SIBANYE-Stillwater’s proposed $490m investment in the Rhyolite Ridge Lithium-Boron Project was termed a “a mistake” by a US non-government organisation which claimed the enterprise would not get off the ground.
Patrick Donnelly, Nevada state director for the Center for Biological Diversity was quoted by the Washington Times that building the project would endanger Tiehm’s buckwheat, a flowering plant that grows only on a 10-acre stretch of federal land in western Nevada.
In June, the US Fish and Wildlife Service proposed protecting the Tiehm’s buckwheat under the Endangered Species Act in response to a lawsuit filed by Donnelly’s organisation, said the Washington Times.
“There’s only one way forward, and that’s to protect Tiehm’s buckwheat and stop this destructive mine from driving a species to extinction,” said Donnelly. “Sibanye-Stillwater made a big mistake here, because this mine is unlikely to ever get built.”
James Wellsted, spokesman for the South African miner said its financial commitment was conditional on the project receiving full approvals. “We definitely haven’t made a mistake,” he told Miningmx.
According to a report in May, Bloomberg Law said the Rhyolite Ridge Lithium-Boron Project could cost a total of $800m to develop.
Sibanye-Stillwater has embarked on an aggressive growth strategy aiming to build a presence in so-called battery metals such as lithium which are likely to see an increase in demand as government’s push for greater use of electric vehicles (EV).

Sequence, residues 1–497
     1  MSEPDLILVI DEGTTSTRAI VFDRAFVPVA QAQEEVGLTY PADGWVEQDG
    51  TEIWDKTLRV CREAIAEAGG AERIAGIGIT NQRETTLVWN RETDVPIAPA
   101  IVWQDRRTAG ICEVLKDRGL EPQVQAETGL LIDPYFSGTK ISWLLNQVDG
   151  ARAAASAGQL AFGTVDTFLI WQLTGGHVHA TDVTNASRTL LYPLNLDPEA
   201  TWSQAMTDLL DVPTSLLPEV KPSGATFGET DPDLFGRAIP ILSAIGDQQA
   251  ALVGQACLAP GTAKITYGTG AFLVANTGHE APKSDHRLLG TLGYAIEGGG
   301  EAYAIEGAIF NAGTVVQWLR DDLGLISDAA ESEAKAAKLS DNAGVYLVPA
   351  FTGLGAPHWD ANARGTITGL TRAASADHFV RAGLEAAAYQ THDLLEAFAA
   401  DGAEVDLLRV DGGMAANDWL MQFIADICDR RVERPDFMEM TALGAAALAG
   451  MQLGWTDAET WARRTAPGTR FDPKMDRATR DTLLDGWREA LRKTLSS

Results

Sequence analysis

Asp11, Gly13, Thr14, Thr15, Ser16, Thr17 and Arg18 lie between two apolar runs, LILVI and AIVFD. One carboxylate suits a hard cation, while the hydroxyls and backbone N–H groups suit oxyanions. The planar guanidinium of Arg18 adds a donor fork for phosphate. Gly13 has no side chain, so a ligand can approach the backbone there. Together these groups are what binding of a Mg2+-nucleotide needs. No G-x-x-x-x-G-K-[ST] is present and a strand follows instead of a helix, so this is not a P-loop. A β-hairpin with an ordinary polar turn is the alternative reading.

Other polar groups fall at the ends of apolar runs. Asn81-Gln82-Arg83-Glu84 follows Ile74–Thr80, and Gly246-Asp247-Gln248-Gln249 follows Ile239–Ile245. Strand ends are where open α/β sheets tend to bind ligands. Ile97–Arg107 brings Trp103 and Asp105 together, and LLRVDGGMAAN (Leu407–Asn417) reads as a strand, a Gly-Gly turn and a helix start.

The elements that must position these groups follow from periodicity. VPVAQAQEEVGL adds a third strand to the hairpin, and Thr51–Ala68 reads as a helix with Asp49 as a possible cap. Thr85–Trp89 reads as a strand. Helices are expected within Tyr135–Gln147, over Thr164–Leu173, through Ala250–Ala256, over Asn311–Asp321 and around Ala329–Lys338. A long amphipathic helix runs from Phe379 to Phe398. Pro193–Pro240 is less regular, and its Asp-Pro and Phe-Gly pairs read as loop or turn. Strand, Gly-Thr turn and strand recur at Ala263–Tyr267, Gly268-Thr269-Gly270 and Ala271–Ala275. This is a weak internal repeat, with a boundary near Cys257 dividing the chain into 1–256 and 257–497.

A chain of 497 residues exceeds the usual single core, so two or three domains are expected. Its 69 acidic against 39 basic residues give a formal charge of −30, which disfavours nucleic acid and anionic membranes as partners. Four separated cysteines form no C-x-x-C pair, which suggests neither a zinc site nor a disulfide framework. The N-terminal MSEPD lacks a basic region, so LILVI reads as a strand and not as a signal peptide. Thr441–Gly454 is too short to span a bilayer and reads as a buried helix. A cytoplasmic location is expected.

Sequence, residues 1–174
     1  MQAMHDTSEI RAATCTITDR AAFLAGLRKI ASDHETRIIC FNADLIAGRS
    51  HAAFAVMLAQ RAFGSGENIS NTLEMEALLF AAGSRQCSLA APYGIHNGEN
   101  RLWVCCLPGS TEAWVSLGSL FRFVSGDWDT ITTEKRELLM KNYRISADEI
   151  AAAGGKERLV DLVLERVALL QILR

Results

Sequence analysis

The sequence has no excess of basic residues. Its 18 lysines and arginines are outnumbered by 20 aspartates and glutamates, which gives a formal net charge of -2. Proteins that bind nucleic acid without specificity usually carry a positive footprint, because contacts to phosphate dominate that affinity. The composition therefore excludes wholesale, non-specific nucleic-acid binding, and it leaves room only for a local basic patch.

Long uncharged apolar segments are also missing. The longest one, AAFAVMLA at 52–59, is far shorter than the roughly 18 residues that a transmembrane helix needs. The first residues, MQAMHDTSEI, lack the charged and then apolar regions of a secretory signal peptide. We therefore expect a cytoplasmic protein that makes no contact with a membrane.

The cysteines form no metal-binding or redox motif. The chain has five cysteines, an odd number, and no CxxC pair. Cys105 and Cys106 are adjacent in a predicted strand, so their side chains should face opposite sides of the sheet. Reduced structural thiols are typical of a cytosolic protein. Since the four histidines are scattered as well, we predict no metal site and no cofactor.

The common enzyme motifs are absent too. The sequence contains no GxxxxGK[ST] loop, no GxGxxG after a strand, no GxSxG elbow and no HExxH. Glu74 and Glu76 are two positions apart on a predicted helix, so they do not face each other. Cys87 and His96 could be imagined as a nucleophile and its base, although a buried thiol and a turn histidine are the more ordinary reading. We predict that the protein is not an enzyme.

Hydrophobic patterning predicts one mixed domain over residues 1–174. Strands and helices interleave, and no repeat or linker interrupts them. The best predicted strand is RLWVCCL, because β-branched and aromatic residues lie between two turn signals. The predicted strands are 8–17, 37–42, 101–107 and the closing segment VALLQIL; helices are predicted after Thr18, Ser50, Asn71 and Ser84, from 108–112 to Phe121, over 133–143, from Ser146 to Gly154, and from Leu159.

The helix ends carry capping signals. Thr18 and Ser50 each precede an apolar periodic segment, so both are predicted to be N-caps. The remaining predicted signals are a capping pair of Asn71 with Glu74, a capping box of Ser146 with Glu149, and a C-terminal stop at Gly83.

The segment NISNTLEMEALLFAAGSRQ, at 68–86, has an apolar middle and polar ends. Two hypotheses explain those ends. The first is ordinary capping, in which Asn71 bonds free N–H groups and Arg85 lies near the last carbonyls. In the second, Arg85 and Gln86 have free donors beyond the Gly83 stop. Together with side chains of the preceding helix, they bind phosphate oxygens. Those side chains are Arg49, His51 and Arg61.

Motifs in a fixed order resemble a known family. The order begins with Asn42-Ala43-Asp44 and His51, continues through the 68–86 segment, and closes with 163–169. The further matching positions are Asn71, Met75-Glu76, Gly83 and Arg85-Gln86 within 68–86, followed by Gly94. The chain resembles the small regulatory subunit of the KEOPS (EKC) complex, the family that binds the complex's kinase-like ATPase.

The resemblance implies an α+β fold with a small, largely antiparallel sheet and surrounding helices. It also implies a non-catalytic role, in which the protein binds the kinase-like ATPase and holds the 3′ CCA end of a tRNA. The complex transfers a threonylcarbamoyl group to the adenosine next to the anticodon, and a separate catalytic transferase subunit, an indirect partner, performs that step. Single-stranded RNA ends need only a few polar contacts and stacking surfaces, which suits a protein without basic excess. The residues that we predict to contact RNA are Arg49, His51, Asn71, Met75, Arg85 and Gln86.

US President Joe Biden’s administration has called for an electric vehicle revolution. In May, Reuters cited Ali Zaidi, the deputy White House national climate adviser as saying: “President Biden is focused on seizing the EV market, sourcing and manufacturing the supply chain here in America, and creating good-paying, union jobs.”
The Washington Times said the US government’s take on the Rhyolite Lithium-Boron mine would “… soon show whether his administration intends to walk the talk”.
“Just this week, President Joe Biden is travelling across America’s West, pushing for immediate climate action and for obvious reasons,” James Calaway, executive chairman of ioneer said in a press call.
“A big part of his plan is focused on ramping up production of electric vehicles as quickly as possible,” said Calaway. “Our project here at Rhyolite Ridge is absolutely critical to meeting those objectives.”
Ioneer, an Australian company, owns the Rhyolite Lithium-Boron Project but on September 16 it agreed to form a joint venture with Sibanye-Stillwater which would give the South African company a 50% stake in the mine.
The transaction represents Sibanye-Stillwater’s third investment in its quick-fire battery metals strategy having already in February invested €40m for a 30% stake in the Keliber lithium project in Finland with the country’s government, and then in July buying the Sandouville nickel processing facilities in France from Eramet for €65m.